According to DOT, a road diet removes one or more motor vehicle lanes from a highway and replaces it with protected bike lanes, expanded shoulders, sidewalks, raised medians, and/or center turn lanes. As our case study for measuring road diets’ performance, we analyzed Seattle’s Rainier Avenue (See Figure 1 below) with StreetLight InSight®. StreetLight InSight is our easy-to-use web application for transforming Big Data from mobile devices into Metrics that describe aggregated travel patterns.
Figure 1: Rainier Avenue in September 2008, well before the road diet. (Source: Matt Grundy, Wikimedia Commons)
Rainier Avenue: Putting A Dangerous Road on a Diet
In August 2015, Seattle DOT (SDOT) restriped a one-mile section of Rainer Avenue from four travel lanes down to two travel lanes with a center turning lane (see Figure 2 below). The speed limit was also reduced from 30 miles per hour to 25 miles per hour.
The hypothesis was that the road diet would discourage drivers from speeding and passing, and thus reduce the number of accidents on the road – and it worked.
Figure 2: Rainier Avenue one month after the August 2015 road diet. Note that restriping has transformed the road’s four travel lanes into a new center turn lane and two travel lanes. (Source: Google Streetview)
The StreetLight InSight Analysis
Using StreetLight InSight, we set up two corridor studies on Rainier Road where the road diet occurred (See Figure 3 below). One corridor study analyzed the period before the road diet occurred, and one corridor study analyzed the period after the road diet occurred.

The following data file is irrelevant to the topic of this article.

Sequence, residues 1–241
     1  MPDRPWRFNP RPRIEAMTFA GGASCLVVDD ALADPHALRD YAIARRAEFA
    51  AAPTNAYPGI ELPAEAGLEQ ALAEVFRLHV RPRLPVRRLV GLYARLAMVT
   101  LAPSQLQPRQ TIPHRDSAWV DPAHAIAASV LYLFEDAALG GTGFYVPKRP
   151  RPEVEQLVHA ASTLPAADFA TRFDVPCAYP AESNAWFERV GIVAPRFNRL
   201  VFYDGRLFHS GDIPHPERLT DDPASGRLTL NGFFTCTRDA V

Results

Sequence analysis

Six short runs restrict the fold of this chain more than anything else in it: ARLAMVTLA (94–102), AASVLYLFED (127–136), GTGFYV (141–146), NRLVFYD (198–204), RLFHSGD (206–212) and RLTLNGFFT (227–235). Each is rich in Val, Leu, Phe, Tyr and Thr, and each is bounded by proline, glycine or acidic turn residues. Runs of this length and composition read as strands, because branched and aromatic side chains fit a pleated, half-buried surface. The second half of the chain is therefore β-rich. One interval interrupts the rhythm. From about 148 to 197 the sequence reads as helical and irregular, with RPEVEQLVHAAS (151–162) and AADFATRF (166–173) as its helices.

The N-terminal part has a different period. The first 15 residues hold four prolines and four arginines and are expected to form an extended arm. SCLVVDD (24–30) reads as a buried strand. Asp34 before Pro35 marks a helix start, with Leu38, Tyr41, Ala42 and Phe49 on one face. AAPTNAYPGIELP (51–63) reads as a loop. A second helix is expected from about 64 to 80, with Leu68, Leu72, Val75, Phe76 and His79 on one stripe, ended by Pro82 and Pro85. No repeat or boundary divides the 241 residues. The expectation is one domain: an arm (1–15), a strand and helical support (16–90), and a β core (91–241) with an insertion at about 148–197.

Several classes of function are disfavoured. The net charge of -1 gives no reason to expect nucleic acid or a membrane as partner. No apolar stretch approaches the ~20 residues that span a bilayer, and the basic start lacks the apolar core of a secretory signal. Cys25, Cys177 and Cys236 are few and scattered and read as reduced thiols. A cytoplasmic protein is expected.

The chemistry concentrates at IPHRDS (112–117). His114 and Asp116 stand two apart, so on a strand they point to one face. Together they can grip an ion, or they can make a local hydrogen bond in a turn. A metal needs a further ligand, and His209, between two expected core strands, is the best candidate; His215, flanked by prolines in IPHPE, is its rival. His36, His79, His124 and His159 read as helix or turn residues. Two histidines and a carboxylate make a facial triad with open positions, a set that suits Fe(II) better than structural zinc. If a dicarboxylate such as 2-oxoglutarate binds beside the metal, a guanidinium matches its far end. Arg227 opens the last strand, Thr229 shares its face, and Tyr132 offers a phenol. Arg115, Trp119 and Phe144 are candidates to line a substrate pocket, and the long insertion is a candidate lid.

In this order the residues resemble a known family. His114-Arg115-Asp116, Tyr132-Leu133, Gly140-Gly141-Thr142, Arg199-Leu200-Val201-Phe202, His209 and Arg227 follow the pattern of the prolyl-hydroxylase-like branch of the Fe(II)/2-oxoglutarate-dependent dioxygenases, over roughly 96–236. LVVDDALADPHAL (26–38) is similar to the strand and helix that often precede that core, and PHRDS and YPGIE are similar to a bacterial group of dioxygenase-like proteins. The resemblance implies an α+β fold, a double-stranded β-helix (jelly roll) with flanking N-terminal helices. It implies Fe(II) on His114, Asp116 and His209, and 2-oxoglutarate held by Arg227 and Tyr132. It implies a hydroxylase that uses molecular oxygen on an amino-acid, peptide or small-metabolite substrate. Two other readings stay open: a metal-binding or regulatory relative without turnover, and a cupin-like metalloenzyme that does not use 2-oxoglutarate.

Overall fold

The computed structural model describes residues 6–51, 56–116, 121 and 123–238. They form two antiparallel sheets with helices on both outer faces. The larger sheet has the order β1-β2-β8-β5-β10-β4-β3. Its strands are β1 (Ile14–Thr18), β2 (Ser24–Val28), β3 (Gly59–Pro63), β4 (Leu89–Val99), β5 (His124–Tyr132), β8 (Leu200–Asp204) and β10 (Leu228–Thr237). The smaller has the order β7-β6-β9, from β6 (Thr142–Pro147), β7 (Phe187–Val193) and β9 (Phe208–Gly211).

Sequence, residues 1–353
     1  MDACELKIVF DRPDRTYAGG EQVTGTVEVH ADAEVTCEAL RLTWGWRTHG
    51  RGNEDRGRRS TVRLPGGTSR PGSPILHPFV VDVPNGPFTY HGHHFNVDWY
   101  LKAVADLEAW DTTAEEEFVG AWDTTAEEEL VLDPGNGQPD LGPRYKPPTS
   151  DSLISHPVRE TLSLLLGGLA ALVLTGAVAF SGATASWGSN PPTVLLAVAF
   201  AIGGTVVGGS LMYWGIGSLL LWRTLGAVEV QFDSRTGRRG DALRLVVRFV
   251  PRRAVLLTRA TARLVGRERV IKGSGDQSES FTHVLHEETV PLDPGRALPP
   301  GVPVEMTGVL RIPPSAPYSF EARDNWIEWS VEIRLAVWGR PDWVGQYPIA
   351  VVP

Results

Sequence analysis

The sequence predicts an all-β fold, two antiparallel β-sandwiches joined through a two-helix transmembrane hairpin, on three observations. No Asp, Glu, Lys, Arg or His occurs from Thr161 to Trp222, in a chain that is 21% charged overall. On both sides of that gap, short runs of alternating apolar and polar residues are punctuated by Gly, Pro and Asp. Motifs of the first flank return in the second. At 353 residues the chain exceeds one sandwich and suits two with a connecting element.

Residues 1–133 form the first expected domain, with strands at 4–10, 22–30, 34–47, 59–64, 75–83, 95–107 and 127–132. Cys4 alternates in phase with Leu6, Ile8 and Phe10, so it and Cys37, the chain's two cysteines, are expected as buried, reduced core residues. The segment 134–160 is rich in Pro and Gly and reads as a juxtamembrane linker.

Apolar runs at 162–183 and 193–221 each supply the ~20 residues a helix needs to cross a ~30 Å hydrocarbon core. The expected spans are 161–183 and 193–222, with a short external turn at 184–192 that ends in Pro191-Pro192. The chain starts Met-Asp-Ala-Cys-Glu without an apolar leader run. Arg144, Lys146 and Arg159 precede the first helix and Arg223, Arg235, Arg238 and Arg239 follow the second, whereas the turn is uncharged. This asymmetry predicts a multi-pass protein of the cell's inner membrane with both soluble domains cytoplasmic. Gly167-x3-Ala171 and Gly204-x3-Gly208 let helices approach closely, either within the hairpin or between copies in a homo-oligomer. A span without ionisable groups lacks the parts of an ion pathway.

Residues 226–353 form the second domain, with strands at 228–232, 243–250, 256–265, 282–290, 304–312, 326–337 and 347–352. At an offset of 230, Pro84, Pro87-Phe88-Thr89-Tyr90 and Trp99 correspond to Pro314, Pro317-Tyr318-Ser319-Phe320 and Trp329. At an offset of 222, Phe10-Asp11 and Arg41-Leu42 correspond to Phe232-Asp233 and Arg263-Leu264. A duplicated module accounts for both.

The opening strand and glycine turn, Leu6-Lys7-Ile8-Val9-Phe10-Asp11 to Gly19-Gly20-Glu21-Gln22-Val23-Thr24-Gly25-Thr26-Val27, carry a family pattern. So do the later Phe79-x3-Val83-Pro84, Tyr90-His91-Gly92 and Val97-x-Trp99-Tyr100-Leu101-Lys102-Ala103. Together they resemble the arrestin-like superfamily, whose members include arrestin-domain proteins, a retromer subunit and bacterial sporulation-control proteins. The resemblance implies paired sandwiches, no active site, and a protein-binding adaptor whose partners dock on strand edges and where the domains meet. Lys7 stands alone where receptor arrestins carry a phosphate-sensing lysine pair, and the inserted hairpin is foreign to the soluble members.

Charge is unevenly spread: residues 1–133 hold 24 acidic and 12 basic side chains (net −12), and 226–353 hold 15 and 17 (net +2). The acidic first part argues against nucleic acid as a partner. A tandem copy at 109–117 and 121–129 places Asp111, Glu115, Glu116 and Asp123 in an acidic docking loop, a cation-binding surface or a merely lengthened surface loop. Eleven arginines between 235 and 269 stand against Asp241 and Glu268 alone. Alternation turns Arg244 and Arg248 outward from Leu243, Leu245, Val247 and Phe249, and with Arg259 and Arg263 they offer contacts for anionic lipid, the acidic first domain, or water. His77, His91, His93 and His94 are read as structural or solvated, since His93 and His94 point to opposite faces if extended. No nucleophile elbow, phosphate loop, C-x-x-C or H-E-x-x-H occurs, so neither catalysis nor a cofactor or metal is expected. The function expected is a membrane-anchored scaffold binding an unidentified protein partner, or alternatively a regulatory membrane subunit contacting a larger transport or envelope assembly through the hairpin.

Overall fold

First, we drew our Origin and Destination Zones: pass-through gates at the beginning and end points of the road diet (South Alaska Street and South Kenny Street). This allowed us to analyze all trips that passed through the beginning and end points of the road diet.
Figure 3: Our StreetSight InSight analysis looked at trips between S. Alaska Street and S. Kenny Street before and after the implementation of the road diet.
Our analysis yielded the following insights regarding personal vehicle trips:
Average travel time increased from 162 seconds to 196 seconds
Average speed reduced from 22.5 miles per hour to 19.5 miles per hour
Keep in mind that these statistics are the average across all types of day and times of day.
What It Means for Road Diets
The StreetLight InSight results echo the original hypothesis regarding the road diet’s impact: drivers spent about 30 extra seconds navigating the corridor at a rate about three miles slower per hour. While there may be other factors, reduced speeds and increased travel times most likely helped to reduce collisions with bikers, pedestrians, and buildings.
As a result of the safety benefits that have been realized, plans are now underway to expand the road diet further along Rainier Avenue. It’s also worth noting that, in the grand scheme of transportation infrastructure improvements, restriping projects like this are inexpensive.
Are you interested in evaluating a policy or infrastructure improvement using StreetLight InSight? Let us know in the comments!
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